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Air Australia my New Shop and a Flower Garden


Here is a new personal work. It’s always great fun to create a piece of work, simply for your own enjoyment. Grabbing some time to experiment with new techniques also keeps your portfolio fresh. Air Australia is a promo piece that I’m going to be using shortly for my postcards and mailers, now that I have joined Hire an illustrator (yay). I’ve also recently updated my website by adding a new Shop where you can buy prints and original artwork. I’ve added my new ink on paper work called Flower Garden to the shop. It was completed over a week and was inspired by my garden. This illustration also gave me the opportunity to try out my new carbon pen. (happy dance) please stop by and take a look.

External Link: Air Australia my New Shop and a Flower Garden


Monsterwood OGN Kickstarter Campaign


Monsterwood was conceived by Jason Rosen, and further developed by two-time Emmy winner, Louise Gikow (Disney, Jim Henson Productions). The graphic novel is illustrated by Harvey award-winning fantasy artist Steve Ellis (The Only Living Boy, Dungeons & Dragons).

“My experience with creating artwork for Monsterwoood is a joy. I believe that Jason has a really unique and fun project on his hands, which is why I’ve devoted so much time making the world a reality. I’m finding myself able to take all the painting and creature work I’ve done over the years in games, like Dungeons and Dragons and World of Warcraft, and mix in the storytelling skills I developed working in comics. It’s a wonderful adventure,” notes Ellis.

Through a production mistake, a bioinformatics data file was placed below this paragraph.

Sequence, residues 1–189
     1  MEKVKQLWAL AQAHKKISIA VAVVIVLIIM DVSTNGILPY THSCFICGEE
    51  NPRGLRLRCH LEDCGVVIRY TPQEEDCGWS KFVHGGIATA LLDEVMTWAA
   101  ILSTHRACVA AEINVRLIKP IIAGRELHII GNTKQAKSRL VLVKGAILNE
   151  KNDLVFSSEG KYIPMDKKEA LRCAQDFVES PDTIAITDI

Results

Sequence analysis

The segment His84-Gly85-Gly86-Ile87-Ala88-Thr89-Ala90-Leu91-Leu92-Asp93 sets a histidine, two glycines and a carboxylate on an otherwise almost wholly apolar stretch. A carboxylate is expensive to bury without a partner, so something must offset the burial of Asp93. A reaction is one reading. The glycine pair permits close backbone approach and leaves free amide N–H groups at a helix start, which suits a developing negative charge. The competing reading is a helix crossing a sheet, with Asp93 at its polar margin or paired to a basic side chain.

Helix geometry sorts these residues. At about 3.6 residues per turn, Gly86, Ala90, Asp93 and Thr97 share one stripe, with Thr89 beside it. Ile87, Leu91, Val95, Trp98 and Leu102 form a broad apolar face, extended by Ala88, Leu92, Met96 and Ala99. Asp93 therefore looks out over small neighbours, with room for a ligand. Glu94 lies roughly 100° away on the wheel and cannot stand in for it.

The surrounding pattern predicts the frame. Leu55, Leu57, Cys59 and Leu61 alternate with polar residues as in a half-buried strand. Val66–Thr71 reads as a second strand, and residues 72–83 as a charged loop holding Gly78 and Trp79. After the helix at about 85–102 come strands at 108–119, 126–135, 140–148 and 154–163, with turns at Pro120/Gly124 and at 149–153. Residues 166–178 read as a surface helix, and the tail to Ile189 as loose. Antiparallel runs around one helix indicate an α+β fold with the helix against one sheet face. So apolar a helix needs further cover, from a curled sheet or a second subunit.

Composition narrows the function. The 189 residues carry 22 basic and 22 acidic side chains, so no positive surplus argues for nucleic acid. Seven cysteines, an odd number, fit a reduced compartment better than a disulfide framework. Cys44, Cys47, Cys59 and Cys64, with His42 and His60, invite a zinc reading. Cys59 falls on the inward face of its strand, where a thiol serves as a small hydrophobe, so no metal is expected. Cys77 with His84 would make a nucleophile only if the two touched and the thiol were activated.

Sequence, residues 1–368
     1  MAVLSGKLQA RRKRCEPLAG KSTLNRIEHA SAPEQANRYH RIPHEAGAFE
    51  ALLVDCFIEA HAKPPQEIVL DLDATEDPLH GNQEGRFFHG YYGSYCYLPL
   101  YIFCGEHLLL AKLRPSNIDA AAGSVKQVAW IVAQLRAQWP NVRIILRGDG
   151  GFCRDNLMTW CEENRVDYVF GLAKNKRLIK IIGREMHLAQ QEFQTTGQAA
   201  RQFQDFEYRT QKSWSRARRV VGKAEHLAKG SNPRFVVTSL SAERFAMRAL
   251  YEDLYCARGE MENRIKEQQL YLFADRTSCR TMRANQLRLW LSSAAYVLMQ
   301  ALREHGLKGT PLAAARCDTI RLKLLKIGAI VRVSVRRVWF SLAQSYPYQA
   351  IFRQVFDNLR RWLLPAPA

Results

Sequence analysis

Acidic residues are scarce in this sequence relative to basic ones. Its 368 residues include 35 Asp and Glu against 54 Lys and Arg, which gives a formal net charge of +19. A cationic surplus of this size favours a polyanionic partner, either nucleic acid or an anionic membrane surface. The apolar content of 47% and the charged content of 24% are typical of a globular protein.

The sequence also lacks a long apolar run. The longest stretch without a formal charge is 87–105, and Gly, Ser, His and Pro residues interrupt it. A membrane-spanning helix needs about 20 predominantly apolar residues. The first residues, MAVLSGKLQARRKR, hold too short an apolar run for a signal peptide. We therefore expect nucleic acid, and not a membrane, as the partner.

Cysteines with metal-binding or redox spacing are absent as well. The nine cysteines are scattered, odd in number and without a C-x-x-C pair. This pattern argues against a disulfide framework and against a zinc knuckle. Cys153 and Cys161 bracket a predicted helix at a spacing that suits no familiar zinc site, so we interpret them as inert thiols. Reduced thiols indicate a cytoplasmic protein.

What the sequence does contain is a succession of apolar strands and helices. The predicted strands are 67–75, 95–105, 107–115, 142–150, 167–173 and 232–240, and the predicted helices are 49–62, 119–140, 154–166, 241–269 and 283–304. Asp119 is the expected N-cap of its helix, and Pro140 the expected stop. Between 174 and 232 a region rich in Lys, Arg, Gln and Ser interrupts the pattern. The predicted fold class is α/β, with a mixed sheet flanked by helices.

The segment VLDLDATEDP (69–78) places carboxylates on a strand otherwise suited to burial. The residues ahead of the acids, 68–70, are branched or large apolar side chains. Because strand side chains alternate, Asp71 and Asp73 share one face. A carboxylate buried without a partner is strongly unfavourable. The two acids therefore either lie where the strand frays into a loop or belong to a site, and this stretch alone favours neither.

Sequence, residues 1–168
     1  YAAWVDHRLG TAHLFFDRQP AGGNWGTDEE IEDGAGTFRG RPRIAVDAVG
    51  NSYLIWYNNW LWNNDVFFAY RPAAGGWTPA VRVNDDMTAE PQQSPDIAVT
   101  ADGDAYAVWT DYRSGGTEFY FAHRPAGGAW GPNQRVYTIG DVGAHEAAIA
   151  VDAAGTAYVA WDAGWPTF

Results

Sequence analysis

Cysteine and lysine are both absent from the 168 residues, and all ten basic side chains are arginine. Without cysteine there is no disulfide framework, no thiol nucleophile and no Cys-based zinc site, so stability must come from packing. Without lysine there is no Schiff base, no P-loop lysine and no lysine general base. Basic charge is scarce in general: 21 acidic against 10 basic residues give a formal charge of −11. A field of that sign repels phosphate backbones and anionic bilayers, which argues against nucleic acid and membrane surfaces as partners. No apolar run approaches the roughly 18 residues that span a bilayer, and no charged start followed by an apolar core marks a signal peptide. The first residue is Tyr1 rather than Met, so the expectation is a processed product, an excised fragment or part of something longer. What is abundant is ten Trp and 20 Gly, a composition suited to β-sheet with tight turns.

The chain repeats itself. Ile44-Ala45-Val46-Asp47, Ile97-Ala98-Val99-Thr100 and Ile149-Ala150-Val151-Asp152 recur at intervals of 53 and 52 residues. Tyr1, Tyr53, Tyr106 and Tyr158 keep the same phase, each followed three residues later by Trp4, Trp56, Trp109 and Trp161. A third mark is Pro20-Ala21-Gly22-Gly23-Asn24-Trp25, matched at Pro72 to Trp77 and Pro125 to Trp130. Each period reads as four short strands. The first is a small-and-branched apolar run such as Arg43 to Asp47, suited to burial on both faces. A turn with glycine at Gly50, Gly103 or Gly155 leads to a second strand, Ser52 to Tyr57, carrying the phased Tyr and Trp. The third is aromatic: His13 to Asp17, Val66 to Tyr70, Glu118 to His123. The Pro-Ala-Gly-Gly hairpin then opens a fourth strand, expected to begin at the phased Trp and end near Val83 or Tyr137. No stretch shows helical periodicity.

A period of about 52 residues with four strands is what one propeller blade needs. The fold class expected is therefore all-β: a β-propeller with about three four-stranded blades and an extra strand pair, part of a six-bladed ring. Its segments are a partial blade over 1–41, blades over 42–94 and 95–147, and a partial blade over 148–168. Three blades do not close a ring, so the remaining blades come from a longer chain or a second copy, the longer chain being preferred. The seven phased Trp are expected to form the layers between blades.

Beyond the completed graphic novel, the campaign offers other exclusives and limited edition rewards including maquettes busts, glicees of pre-production concept paintings, and hand drawn illustrations by Steve Ellis.

External Link: Monsterwood OGN Kickstarter Campaign


Varoom 26 Style


Varoom 26 – The Style Issue

Illustration, Culture, Society Summer 2014

Cover illustration by Matthew Richardson

Varoom Style Issue gets under the skin of the topic of ‘Style’ including Youth culture’s original ‘style bible’ of the 1980s and 1990s, Lawrence Zeegen shows how illustration gave The Face magazine its visual compass and Art Director Paul Pensom who examines The Ephemera of Style, the disappearing flotsam and jetsam of analogue culture such as trading cards and cereal box toys. To the work of French street artist Horfee who is described in his own eccentric way as an artist who, “takes the expected norms of graffiti style and metaphorically proceeds to shred them through a mechanical mince-grinder to produce something more organic and unexpected.”

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